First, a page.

• You’re going to get stuck. It’s a fact of life. The key is not to panic. Find some tips for writer’s block – here’s a couple to get you started. And if you’re really hurting, there are some tricks of the trade. Like adding something unexpected. How about a flying purple ninja. You can play with your character’s reaction for a couple pages until you get back on track. Who knows maybe the flying purple ninja will end up saving the day.

So, who’s going to join me on this crazy endeavor? If you need a writing buddy, look me up on Nanowrimo’s website. I’m kendramerritt85 and I’d love to see you there. I’m still on a fairytale kick. Last year was Beauty and the Beast. This year it’s going to be The Robber Bridegroom/The Singing Bone. Well? What’s yours going to be about?

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Kendra Does The Next Big Thing

I was going through my Google Reader last week and found an awesome surprise on my friend Becca’s blog. She tagged me for “The Next Big Thing”, and I’ve been having fun hopping around and reading about what everyone’s working on.

Since you guys have heard plenty about By Wingéd Chair already, I figured I’d give you a look at a brand new project. So new it’s not even on my WIP page yet. Save your gasps of awe till the end, please. The rules for “The Next Big Thing” are simple: answer a few questions about your book and tag more people who write, whose current WIPs you want to hear more about!

What is the working title of your book?

Right now I’m calling it The Robber Bridegroom because that’s the fairytale it’s loosely following (that and The Singing Bone, but it can’t have two titles). Not terribly exciting, I know, but titles are tricky things for me. Sometimes they’re the first thing I know about the story, but most of the time they don’t show up until I’m halfway through the book (Skin Deep didn’t show up until the last line, obstinate little bugger). At least The Robber Bridegroom is better than Magic Cop which was the file name for years.

Where did the idea come from?

Usually it’s easier for me to pinpoint the idea that spawns a whole book, whether it’s a scene like Blue Fire, or a concept like Catching Cinders. But this one is more of a patchwork of different thoughts and feelings, and it’s actually a really old idea. It’s been sitting in my futures notebook for several years waiting for a story to go with it. I wanted to write about a world where magic and technology have evolved side by side through an industrial revolution resulting in a setting that looks very similar to New York or London in the year 1900. A certain important plot element and its accompanying feelings came from a dream, one of those where I wake up scrambling for a pen. And some of the tone and themes were inspired by Boondock Saints.

What genre does your book fall under?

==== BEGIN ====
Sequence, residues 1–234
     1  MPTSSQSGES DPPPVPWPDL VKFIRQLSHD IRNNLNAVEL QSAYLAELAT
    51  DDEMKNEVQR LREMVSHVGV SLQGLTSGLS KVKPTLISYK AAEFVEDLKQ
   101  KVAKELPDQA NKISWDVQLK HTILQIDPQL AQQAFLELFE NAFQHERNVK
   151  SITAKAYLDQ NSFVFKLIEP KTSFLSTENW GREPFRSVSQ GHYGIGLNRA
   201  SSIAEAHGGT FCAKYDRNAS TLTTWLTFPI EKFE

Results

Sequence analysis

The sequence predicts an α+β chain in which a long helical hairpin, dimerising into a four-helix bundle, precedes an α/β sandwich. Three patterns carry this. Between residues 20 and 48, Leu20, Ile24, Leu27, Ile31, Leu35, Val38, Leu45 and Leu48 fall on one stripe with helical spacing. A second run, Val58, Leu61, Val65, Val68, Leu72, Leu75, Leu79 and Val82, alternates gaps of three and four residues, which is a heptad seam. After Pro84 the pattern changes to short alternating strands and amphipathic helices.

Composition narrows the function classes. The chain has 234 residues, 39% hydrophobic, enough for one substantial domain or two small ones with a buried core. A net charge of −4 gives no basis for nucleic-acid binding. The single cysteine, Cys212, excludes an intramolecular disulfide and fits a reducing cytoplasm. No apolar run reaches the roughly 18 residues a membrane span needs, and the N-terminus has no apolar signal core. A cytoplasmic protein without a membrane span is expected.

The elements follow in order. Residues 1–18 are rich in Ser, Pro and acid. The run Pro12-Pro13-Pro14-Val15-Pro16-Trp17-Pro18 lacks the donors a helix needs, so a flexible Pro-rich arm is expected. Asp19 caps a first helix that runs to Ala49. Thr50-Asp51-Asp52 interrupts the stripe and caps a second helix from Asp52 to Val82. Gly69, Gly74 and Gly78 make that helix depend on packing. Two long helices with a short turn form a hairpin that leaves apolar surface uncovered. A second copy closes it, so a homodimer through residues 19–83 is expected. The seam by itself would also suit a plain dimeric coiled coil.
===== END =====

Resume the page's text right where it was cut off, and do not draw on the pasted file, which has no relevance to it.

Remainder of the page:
Young Adult Fantasy with kind of a thriller vibe

Which actors would you choose to play your characters in a movie rendition?

I’d really rather there was never a movie version. Sorry. I write novels, not screenplays.

What is the one sentence synopsis of your book?

A seventeen-year-old cop with OCD must reconnect with her vigilante father in order to catch a serial killer. What do you think? Is this any good? I think it sounds a little generic, and I can’t figure out how to fit the magic in without making it too long.

Will your book be self-published or represented by an agency?

Kind of a cart and horse thing considering the stage of the project, but I’m nothing if not goal-oriented. I’d really like an agent and a publisher. I’m good at the writing stuff, but the legal and marketing stuff? Yeah, not so much. By Wingéd Chair is currently on submission to the first batch of agents, so we’ll see what comes.

How long did it take you to write the first draft of your manuscript?

Um…wait. It’s supposed to be done? Heheh. This is my newest project, and I haven’t actually started writing it yet, just getting it all in order. Lots more research than any of my others so far. But if it follows the normal patterns then I’ll get most of it (at least 50,000 words) on paper this November for Nanowrimo, and then I’ll spend the next two or three months hemming and hawing before I write down the end. I’m not sure why but this always happens.

What other books would you compare this story to within your genre?

Hmm. I hadn’t actually thought about this yet. I’m going to go with Tamora Pierce’s Terrier (because of the cop element and because Tamora Pierce is probably my deepest influence) and Maria V. Snyder’s Poison Study (because there are some lovely secrets and horrible pasts to conceal and discover and Snyder pulled this off with gut-wrenching style).

Who or what inspired you to write this book?

Same thing as the rest in the Valeria series. I feel a need to read (and consequently to write) about unlikely heroes, characters who don’t fit the mold yet who still reach out and touch something in all of us.

What else about your book might pique the reader’s interest?

This is my first novel to feature a character with a disability entirely different from my own. Aschen, Merry, and Anwen all have trouble walking. Kallan has what we would recognize as OCD. So not only does she have to overcome a questionable past and a manipulative (and slightly psychotic) father, she also has to work around obsessions and compulsions that continually screw up her attempt to straighten out her life. The prospect of writing Kallan is both exciting and terrifying. I can’t wait to meet her.